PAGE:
UK burden of injury is 2.6 times higher than previously thought

December 06, 2011

When using data and information derived from patient experiences, combined with additional morbidity data on patients treated in emergency departments and those admitted to hospital, the absolute burden of injury in the UK is much higher than previously estimated, according to a study published in this week's PLoS Medicine.

The authors of the study, led by Ronan Lyons from Swansea University, in Wales, UK, say: "Whilst considerable uncertainties remain, our best estimate is that injury-related DALYs [disability-adjusted life years] are 2.6 times greater than previously thought, and even if we accept a very conservative approach of assuming no residual disability in all losses to follow-up the population estimate would be 1.6 times earlier estimates."

Furthermore, the authors also found that the vast majority of injuries were unintentional and that the home was the most frequent location of injury.

The authors recruited patients aged over 5 years with a wide range of injuries (including fractures and dislocations, lacerations, bruises and abrasions, sprains, burns and scalds, and head, eye, chest and abdominal injuries) from hospitals in four English cities--Swansea, Nottingham, Bristol, and Guildford--between September 2005 and April 2007.

In the four study sites, a total of 1,517 injured people (median age of 37.4 years and 53.9% male) participated in the study. Using the data and information collected from patient questionnaires about their injuries and the effect on their lives, the authors found that in 2005, there were an estimated 750,999 injury-related hospital admissions, 7,982,947 emergency department attendances, and 22,185 injury-related deaths, translating to a rate per 100 000 of 1,240, 13,339, and 36·8 respectively. Putting all the information together, the authors estimated that the disability life adjusted years (DALYs) related to injury was 1,771,486 in 2005.

The authors say: "Whilst this study was carried out in the UK, the principal findings are relevant across the globe." They continue: "Our results suggest that if the pattern of underestimation seen in the UK was mirrored across the world then injuries may account for up to a quarter of global DALYs rather than a sixth as previously estimated...undoubtedly the global proportion of DALYs from injury is larger than previously estimated."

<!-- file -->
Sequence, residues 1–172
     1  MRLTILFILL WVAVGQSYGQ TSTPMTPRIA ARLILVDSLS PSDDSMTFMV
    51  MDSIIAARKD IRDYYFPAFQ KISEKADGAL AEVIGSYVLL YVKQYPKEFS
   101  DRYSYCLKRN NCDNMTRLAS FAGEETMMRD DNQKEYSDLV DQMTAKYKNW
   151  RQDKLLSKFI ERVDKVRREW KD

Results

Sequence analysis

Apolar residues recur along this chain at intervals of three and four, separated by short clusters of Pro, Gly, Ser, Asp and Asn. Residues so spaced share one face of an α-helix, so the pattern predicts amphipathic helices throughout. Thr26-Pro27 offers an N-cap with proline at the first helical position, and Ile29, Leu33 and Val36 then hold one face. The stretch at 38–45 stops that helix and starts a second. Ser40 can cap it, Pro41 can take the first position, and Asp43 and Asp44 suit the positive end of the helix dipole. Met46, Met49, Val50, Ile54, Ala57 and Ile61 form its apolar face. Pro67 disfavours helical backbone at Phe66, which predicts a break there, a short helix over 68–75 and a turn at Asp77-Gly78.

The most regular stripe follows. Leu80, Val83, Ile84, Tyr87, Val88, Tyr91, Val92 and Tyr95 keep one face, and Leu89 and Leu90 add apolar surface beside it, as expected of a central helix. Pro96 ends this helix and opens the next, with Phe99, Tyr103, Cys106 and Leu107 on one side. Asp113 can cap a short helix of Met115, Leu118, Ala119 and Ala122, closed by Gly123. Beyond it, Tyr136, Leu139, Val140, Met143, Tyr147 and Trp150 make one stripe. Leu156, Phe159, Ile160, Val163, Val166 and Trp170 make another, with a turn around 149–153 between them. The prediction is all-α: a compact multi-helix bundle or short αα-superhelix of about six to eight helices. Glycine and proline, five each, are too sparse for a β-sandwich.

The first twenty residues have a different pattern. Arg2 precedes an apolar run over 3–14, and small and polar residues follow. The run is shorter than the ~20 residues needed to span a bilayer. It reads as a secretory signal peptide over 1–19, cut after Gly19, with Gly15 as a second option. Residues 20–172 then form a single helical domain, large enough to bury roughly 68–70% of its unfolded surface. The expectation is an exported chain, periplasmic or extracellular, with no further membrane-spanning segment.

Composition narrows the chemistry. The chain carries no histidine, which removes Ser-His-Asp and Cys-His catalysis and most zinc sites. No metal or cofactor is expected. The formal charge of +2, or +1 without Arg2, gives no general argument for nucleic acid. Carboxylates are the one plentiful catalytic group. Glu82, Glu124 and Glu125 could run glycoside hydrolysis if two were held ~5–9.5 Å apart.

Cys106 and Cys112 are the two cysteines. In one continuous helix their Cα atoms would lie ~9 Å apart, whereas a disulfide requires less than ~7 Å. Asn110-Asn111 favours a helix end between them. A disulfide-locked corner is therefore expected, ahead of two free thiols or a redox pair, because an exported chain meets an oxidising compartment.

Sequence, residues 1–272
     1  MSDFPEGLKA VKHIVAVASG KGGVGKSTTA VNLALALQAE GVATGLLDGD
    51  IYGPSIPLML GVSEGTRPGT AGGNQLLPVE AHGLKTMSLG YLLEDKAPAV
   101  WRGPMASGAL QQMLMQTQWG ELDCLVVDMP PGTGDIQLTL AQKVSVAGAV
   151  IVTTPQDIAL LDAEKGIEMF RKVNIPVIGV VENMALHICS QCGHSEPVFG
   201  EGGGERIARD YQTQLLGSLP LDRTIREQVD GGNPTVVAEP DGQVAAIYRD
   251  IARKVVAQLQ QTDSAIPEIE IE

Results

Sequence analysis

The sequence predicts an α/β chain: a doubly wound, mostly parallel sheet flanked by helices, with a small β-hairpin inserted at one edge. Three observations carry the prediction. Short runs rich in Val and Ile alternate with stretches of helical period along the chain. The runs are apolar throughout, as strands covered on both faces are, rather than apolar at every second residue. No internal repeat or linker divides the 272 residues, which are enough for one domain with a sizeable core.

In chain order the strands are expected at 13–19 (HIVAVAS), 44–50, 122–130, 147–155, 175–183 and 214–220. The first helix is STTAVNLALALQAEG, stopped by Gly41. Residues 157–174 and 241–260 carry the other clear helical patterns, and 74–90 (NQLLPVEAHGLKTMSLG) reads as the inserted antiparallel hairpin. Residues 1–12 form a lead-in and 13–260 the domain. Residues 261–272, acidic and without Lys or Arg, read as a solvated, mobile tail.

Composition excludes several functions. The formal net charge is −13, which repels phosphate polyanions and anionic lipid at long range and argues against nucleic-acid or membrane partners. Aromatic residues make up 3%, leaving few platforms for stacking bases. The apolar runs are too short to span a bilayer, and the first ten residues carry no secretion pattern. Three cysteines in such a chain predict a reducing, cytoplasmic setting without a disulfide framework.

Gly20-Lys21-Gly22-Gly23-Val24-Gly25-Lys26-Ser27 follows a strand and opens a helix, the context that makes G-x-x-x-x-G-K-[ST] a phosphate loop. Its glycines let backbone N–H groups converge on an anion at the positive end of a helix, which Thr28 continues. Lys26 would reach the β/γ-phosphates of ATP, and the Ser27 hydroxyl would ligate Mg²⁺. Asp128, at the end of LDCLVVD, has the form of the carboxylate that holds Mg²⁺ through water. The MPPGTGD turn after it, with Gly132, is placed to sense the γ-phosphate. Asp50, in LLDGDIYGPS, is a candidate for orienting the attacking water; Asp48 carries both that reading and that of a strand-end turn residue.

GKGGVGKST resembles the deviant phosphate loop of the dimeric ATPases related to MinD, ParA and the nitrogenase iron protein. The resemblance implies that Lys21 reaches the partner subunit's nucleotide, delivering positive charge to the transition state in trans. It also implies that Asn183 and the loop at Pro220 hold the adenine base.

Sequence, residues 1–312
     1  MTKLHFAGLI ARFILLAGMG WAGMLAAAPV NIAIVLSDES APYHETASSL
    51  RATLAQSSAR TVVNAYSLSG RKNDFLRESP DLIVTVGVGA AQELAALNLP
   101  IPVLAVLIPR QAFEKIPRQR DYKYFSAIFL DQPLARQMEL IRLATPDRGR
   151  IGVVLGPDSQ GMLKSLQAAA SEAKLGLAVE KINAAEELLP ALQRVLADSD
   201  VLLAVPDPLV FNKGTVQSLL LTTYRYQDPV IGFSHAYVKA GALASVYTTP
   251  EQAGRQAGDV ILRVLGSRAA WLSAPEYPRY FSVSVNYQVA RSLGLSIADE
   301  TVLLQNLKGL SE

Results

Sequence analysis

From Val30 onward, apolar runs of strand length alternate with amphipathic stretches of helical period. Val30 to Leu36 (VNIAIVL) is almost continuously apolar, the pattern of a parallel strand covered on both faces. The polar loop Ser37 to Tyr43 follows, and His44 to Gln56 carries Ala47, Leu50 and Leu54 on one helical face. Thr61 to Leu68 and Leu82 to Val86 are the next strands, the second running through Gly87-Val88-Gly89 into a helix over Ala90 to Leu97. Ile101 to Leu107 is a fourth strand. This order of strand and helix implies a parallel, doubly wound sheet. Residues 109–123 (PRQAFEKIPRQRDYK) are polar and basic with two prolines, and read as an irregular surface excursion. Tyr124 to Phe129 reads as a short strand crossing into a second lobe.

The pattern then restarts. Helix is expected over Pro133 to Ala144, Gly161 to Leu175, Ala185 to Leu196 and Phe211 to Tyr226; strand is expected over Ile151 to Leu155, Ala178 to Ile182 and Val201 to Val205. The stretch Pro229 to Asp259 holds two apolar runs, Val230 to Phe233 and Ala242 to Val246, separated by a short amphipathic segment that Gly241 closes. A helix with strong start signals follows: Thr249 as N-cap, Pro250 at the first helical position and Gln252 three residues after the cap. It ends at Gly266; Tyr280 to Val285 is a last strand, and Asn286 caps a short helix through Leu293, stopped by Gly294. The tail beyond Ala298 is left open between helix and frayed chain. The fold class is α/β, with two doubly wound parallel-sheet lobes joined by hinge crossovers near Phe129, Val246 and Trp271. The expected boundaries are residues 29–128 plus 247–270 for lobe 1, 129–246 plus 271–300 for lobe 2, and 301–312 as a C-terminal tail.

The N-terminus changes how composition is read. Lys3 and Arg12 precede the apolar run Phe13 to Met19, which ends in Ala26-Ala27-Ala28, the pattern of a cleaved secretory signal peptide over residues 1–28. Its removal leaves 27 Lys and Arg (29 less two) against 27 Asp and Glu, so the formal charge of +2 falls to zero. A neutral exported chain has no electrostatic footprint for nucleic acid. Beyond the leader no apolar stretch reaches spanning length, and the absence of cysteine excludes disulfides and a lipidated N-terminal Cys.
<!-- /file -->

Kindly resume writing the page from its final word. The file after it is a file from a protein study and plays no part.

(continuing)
The authors conclude: "There is already evidence that policy and research responses to injury are grossly inadequate, based upon the previous estimates of the burden."
-end-
Funding: This work is based on independent research commissioned and funded by the Policy Research Programme in the Department of Health (reference number 0010009: Moving from Observation to Intervention to reduce inequalities in injuries, http://www.dh.gov.uk/en/Aboutus/Researchanddevelopment/Policyresearchprogramme/D H_533). The funders had no role in study design, data collection and analysis, decision to publish, or preparation of the manuscript.

Competing Interests: DK's research is/has been funded by the NIHR, The Department of Health, the MRC, the US Dept of Health and Human Services, the Nottinghamshire, Derbyshire and Lincolnshire Research Alliance. Nottingham Fire and Rescue Service, the Royal Society for the Prevention of Accidents, the European Commission, the Office of the Deputy Prime Minister and the Royal College of General Practitioners. DK was a co-opted member of the National Institute for Health and Clinical Excellence guideline development group for public health guidance 29 - strategies to prevent unintentional injury in children aged under 15 years and provided expert testimony to the guideline development group on inequities in child injury. All other authors have declared that no competing interests exist.

Citation: Lyons RA, Kendrick D, Towner EM, Christie N, Macey S, et al. (2011) Measuring the Population Burden of Injuries--Implications for Global and National Estimates: A Multi-centre Prospective UK Longitudinal Study. PLoS Med 8(12): e1001140. doi:10.1371/journal.pmed.1001140

CONTACT:

Ronan Lyons

Professor of Public Health
Center for Health Information Research and Evaluation

Swansea University
Singleton Park
Swansea, SA2 8PP
United Kingdom
+44 (0)1792 513485
r.a.lyons@swansea.ac.uk

PLOS

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